According to the Energy Performance of Buildings Directive (EPBD), a Nearly Zero-Energy Building (NZEB) has a very high energy performance, where the very low amount of energy required should be covered to a very significant extent by renewable sources. The EPBD requires all new buildings to be nearly zero-energy by the end of 2020. All new public buildings must be nearly zero-energy by 2018.
For Europe, we found a large variety of concepts and examples for nearly zero-energy buildings. There are non-governmental examples putting emphasis on different aspects (like the “zeroHaus”, “Plusenergiehaus©”, “Minergie©-A” or “Passivhaus”) as well as government-initiated programs which usually focus on the buildings’ efficiency (e.g. German KfW-building standard or Minergie© from Switzerland).
In general, these approaches aim at a more or less equalised annual energy balance. There is no single EU-level definition for NZEB, and each country is required to set out its own definition within context of the Directive.
The concept of Nearly Zero Energy Building can be seen from two different perspectives:
a) In terms of efficiency: each country defines a recommended value to be considered as nZEB. For instance in the case of Sweden this consumption should be not greater than 40 kWh/m2 per year for a defined typology of buildings
b) In terms of balance, it defines the amount of energy produced by the building or nearby, compared to its consumption.
The benchmarking tool focuses on these two aspects.
In a Net Zero Energy Building, the balance of energy produced by the building equals the total energy consumed.
A Nearly Zero Energy Building (abbreviated as nZEB or NZEB) strives to get as close as possible to zero energy consumption, which in terms of energy balance means producing an important part of energy by renewable means, offsetting the real consumption.
The benchmarking tool defines nZEB in terms of energy balance as producing 50% of the total energy consumed by the facility or building.
In both cases, the first step is to reduce the energy demand by increasing efficiency through energy conservation practices and energy efficiency technologies.
The Pie chart of the Tool differentiates only energy sources (gas, oil, electricity, etc.). Traditionally generation of heat has been produced by burning gas or other fuels, but lately many heat sources are based on the use of electricity as heat pumps.
In order to have a better understanding of this pie chart, each facility has to do a thorough analysis on all the equipment that is generating heat and cool.
The RER, as defined in the Tool, measures the percentage of total renewable energy production versus the total energy consumed by the building or facility, regardless of whether or not the energy consumed comes from utilities that produce their energy by renewable sources.
The RER in the Tool, therefore, helps to each facility to see its level of dependency to conventional energies supplied by utilities.
The Tool cannot measure the origin of the energy provided by the utility. In the majority of European countries, it is still not common for utilities to provide information on the percentage of their energy supply that comes from renewable sources.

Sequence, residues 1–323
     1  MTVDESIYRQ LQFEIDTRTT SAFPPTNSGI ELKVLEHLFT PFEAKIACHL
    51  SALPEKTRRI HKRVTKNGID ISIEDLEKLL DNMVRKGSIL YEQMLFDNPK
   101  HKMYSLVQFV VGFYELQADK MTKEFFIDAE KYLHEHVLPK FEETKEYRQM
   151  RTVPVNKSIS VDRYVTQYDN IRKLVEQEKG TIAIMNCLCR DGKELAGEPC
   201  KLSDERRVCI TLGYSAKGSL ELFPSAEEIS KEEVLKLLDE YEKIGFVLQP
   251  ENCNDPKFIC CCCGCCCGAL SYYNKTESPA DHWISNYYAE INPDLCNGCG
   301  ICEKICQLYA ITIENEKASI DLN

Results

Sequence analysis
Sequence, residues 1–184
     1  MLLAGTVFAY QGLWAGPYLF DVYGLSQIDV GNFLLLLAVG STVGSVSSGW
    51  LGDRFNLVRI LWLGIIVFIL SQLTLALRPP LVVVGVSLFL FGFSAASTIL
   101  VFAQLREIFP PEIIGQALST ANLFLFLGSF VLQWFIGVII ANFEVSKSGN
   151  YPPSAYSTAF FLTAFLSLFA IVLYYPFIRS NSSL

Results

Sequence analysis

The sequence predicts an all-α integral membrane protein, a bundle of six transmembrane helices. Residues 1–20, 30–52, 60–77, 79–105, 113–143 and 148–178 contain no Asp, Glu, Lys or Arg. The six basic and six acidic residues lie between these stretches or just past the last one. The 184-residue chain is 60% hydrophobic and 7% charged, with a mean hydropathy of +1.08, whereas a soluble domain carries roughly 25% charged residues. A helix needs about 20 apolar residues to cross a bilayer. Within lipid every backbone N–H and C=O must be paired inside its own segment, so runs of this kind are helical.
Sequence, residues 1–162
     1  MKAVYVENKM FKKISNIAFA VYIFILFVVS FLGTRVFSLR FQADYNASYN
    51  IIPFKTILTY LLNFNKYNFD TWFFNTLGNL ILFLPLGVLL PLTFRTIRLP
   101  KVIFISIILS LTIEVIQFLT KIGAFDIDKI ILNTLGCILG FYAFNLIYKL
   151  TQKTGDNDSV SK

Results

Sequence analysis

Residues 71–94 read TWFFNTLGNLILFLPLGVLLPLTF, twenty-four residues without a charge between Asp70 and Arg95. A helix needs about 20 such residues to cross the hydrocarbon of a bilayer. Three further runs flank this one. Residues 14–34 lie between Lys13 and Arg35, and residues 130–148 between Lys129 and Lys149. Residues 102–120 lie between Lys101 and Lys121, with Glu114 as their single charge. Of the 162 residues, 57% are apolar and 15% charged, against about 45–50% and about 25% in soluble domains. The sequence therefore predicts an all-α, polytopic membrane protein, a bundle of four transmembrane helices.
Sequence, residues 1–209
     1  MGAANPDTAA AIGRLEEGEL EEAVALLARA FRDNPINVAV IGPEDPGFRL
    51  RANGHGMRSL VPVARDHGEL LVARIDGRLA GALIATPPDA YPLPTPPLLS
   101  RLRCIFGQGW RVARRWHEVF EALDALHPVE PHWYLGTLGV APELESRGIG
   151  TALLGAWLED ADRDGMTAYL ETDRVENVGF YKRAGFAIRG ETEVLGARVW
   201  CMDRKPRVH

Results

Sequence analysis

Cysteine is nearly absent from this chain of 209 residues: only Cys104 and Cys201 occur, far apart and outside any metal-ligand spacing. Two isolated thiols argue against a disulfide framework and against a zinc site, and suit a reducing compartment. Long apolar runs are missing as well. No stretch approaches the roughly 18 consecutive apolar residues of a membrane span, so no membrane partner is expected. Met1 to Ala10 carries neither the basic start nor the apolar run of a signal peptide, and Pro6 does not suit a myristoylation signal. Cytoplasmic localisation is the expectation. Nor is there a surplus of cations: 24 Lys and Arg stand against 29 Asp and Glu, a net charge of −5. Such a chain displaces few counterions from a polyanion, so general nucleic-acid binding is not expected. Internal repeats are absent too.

This energy should not be introduced in the RER, but it defines for the user a level of reliance on the use of energy from a utility.
The Tool has a last ratio, the NZEB ratio, which figures out the level of dependency on the utility company, so it compares the total energy produced (by renewable or non-renewable sources) with the total energy consumed.
This will depend on the building and its context. An analysis should be carried out to identify where the main energy losses occur. Depending on this analysis, improvements might be carried out on the technical building systems (e.g. heating and cooling equipment, lighting installations, pipework, building management systems) and on the building envelope (e.g. wall and roof insulation, glazing). These kinds of measures would help to improve the building’s energy efficiency and reduce its energy demand. In parallel, as much renewable energy production should be installed as possible.
The Tool has links to all measures both for efficiency and renewable energy, with real examples.
The first step is to carry out an energy diagnosis (audit) of the facility, to identify inefficient systems and equipment. Once identified, expert advice should be sought on what measures should be implemented to achieve the best energy savings in a cost-effective manner.
Experts could also help with procurement and identification of financing options.
Once measures have been implemented, it is important follow up, for example the company which has implemented the measures would ideally guarantee a certain level of energy savings and costs.
District Heating systems have a similar role to a utility company, but instead of providing electricity or gas they provide thermal energy in the form of hot and/or cold water.
At this point in time the Tool does not take into account whether district energy comes from renewable sources. This can be considered in future improvement to the Tool.
This will depend on the availability of financing, which is different in each country.
One good solution is to consider Energy Performance Contracting (often abbreviated to EPC or EnPC). This is a very good way of financing efficiency projects, since the savings themselves pay for the investments and this is usually guaranteed in the contract.
Financing models can be consulted in the Facilitators Guideline for Energy Performance Contracting (chapter 4.4) for efficiency projects developed under the EESI2020 initiative (2013-2016). For further information please check the following Finance guide.
Currently in the market, there exist alternative solutions to obtain financing for energy efficiency projects. Crowdfunding is one of the more practical solutions for both high and low investment levels.